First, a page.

The Future of Storytelling
As hybrid photographer and filmmaker, Giulio Meliani planned his stunning short-film debut, Aion. FUJIFILM X-H2S arrived to give it lift-off
“The thing about storytelling, is as long as it’s your passion, you can do it in any medium,” begins Giulio Meliani. Defining himself as a hybrid storyteller, spanning filmmaking and photography, Giulio is well placed to know. “I studied at art school,” he continues. “And whether it’s in drawing and painting, stills or movies, that gives you the tools you need to communicate. But they’re just tools. They can’t tell you what to say.”
In fact, Giulio’s approach is inspired more by his family than his teachers. “My grandmother in particular was a great storyteller,” he recalls. “She would read, or just talk about her experiences when putting us to bed. It was captivating – and must have awakened something within me.”
That familial influence, and the emotion for his loved ones, will be clear to anyone who sees Giulio’s latest project, the short film Aion. It was created this February in his hometown LA, using FUJIFILM X-H2S and FUJINON Cabrio Cinema Zoom Lenses. Wrapped up in the power of human interactions, Aion tells how the strongest memories are more than souvenirs or echoes of the past. They can be like time travel, bringing you together with loved ones long gone, or separated by thousands of miles.
“Making something that was pure fiction was quite a departure for me,” he continues. “The majority of my filmmaking has been in documentaries, and of course story is vital in those too – along with the voice of the author, it’s what connects to the audience. But unlike documentaries where you have facts to follow, fiction is a blank slate. A story has the potential to go anywhere, which can be both enticing and overwhelming. So, when I took on the project, I knew I had to do certain things to rein it in, focus it, then define what I wanted.”
That process of restriction began in the writing stages. “We had about three weeks to get through first, second, third, and final drafts, creating behaviors and limits to the characters. How they acted and spoke; what they would or wouldn’t do. It was a really cool learning experience. And as a creative, I know those restrictions are actually stimulating. I always work better with directives and limits, than with a blank page.”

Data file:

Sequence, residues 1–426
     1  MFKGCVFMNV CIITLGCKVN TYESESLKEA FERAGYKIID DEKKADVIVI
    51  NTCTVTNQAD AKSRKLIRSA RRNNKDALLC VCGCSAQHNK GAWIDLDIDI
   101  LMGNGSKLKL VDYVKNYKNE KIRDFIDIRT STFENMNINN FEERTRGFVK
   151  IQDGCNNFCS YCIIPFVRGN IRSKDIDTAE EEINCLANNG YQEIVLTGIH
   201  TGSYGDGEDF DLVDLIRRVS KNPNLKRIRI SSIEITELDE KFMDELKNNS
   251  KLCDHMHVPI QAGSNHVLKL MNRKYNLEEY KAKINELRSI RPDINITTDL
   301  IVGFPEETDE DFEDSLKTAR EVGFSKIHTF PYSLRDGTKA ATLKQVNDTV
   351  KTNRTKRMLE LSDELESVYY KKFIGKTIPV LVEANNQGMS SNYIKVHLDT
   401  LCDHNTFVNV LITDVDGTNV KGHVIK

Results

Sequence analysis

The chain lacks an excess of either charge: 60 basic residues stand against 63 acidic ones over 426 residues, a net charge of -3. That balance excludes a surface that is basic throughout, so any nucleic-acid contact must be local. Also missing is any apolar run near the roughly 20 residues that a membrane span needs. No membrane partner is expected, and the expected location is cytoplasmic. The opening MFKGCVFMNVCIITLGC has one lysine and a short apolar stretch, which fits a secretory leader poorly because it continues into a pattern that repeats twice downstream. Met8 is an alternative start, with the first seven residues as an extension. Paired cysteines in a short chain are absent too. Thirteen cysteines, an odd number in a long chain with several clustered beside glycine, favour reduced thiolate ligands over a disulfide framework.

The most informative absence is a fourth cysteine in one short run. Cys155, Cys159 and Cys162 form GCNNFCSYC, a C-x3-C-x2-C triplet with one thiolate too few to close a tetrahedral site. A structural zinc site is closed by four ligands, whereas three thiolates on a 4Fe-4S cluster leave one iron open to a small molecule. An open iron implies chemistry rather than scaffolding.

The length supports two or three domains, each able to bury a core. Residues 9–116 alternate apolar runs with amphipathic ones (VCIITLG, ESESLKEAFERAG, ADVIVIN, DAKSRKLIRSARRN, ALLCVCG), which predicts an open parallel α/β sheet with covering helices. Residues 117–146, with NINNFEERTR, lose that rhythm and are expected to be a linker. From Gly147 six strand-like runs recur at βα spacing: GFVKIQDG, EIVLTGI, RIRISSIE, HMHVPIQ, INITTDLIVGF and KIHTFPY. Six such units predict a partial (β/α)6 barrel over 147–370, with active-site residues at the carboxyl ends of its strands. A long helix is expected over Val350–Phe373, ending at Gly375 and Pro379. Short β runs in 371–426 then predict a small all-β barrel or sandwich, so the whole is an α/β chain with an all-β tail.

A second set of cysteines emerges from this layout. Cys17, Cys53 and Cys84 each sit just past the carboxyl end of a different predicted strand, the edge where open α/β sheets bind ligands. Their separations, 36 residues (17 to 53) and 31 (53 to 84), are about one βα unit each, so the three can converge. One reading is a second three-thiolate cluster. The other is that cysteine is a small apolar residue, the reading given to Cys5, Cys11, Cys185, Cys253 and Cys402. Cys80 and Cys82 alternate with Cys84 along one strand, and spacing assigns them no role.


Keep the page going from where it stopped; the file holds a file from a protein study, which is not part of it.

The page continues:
Where restrictions change, says Giulio, is in the tools creatives use to tell these stories. “As a hybrid photographer and filmmaker, I need a camera that can follow me down either path without fault,” he explains. “From project to project, I might require completely different attributes, depending on whether I’m expressing the story through photography or filmmaking. In short, a camera needs to be capable of a lot to keep up with what I need.”
Fortunately, X-H2S did exactly that. “Filming Aion, we had access to two pre-production X-H2S bodies,” says Giulio. “But we only ended up using one, because it performed so flawlessly. I think this is gonna be my favorite camera ever! What’s amazing is the versatility. The body is so compact, yet powerful, so it’s a dream for hybrid creators like me. I can use it for my photography if I want, but it’s in filmmaking that it really shines.
“Even though it’s not the maximum quality X-H2S is capable of, for Aion we used the ProRes HQ F-Log 2 and recorded in-camera. I’m glad that’s the route we took, as the editing was so much smoother and quicker than RAW video. With F-Log 2, the dynamic range was insane and so useful in grading. The ability to add the level of contrast is a wonderful tool, because there are times, long after filming, when you realize you want something to be darker or moodier, or more vibrant. Without good dynamic range in the footage, you can’t do any of that in post.”